Just a couple of weeks ago, Bahá’í communities around the world elected their national administrative bodies in a unique electoral process. One of its aspects is, as I personally understand it, that each elector has to make the effort to get to know all the members of one’s community.
I also understand that to build strong communities, we have to take the time to develop strong bonds of friendship, the kind within which we can have frank and honest consultations about our personal reality, the reality of our community, and what we can do to help both ourselves and our community improve.
This is a situation ripe for a dichotomy! Should you take the time to get to know everyone in your community of a couple hundred individuals? Or should you take the time to deepen your friendships with those you serve the most closely with?
After all, community-building is dependent on two things: our efforts to better our own selves, and our efforts to better the community. This is our two-fold moral purpose. On the one hand, spending a lot of time with the same few people does help us gain unique insight into who we are, which helps us in our pursuit of personal moral excellence. On the other hand, we can’t build a vibrant community if we do not engage every person that composes it!
The first hint of an answer came to me as I realised that to deepen a friendship doesn’t take as much time as one would think; rather, it takes quality. One hour-long quality conversation can go a long way, longer than a couple of hours of idle hanging out.
This leads to another glimmering of an answer: we can get to know a lot about our fellow community-members just by participating in community activities. While we have to be careful not to make assumptions or judgments, we can tell if someone has a consistently listening ear or not within a few hours or quality interactions with them. The trick here, then, is not just the quality of the interactions, but the efforts that we make to be outward oriented—that is to say, the effort we make to be aware of others during community activities rather than lost in our own thoughts (or checking our phones…)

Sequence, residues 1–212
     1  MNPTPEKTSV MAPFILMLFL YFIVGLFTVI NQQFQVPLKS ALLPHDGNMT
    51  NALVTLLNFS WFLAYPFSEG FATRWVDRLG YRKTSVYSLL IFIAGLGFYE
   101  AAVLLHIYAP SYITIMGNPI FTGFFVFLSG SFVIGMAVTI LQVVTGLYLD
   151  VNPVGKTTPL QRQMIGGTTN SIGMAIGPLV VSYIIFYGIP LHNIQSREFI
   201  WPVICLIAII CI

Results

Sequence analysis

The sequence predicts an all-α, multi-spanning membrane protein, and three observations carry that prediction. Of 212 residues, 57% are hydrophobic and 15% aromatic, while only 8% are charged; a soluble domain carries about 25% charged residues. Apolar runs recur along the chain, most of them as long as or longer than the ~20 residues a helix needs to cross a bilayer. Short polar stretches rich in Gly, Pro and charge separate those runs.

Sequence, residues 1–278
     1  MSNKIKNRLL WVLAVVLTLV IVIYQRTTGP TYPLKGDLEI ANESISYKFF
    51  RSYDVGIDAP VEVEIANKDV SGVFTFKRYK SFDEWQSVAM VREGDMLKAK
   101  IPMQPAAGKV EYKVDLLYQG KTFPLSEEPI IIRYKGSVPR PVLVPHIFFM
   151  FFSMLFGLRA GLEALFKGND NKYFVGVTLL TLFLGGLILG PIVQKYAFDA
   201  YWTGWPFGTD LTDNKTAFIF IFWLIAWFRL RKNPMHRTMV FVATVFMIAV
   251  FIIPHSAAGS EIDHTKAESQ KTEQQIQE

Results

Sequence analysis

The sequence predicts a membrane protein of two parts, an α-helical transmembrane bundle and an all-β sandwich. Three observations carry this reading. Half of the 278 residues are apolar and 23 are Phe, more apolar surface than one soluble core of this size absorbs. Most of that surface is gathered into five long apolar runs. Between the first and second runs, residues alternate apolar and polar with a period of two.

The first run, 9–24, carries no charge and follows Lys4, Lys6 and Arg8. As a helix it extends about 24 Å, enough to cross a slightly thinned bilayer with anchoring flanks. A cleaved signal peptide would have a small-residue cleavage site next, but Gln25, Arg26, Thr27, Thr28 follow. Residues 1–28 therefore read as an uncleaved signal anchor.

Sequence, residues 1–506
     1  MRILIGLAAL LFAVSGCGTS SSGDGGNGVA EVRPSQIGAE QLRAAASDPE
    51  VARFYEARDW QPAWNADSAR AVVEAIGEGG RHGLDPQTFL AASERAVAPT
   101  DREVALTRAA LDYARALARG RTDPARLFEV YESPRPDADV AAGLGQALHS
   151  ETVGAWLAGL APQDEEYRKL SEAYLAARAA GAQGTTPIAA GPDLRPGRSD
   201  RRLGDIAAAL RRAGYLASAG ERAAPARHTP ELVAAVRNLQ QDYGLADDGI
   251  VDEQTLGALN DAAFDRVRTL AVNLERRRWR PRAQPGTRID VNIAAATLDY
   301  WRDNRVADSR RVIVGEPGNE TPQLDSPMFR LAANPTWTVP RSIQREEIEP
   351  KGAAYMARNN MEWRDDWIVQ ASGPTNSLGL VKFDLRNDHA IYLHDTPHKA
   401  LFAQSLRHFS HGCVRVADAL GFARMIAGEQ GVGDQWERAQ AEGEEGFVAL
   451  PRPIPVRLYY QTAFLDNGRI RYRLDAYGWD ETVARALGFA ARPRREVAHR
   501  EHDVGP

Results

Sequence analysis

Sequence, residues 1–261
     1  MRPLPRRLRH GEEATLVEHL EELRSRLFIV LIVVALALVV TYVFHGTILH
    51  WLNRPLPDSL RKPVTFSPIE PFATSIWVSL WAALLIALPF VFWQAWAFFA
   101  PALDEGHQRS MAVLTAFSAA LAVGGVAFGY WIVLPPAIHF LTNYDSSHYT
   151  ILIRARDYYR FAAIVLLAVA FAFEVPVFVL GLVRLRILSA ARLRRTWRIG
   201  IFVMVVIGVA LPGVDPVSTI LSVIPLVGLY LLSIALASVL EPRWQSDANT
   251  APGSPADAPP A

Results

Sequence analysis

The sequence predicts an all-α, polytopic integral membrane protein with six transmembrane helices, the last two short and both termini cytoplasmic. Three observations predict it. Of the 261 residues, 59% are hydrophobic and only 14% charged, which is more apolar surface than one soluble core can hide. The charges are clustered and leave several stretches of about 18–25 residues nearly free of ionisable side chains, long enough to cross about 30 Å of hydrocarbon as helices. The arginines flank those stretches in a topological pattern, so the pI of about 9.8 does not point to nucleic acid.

Another path that seems worthy of pursuit is to take a step back and think about our friendships: why we are engaged in them? What effects do these friendships have on each person involved? What effects do these friendships have on others? Do these friendships bring joy to those inside the relationship as well as those outside it?
In other words: do these friendships help us fulfill our two-fold moral purpose?
It seems to me that to fulfill this purpose, we have to be happy and joyful beings living in happy and joyful communities. This helps us individually go through the arduous steps of figuring out how we can contribute to the betterment of our communities, as well as helps us as a community figure out what structures and systems are needed to create vibrant communities.
In light of all this, I feel like it’s already easier to decide what to do. Both types of friendships—limited number of close friends and all community members—are important. But not all friendships help us fulfill our two-fold moral purpose.
One final thought: I feel like any decision about which friendship to pursue and which to let go of that is made based on one’s ego is a wrong decision. Similarly, any decision based on laziness is also wrong. But on the flip side, any decision solely based on one’s desire to serve to one’s fullest capacity will be the right one, sometimes in surprising ways.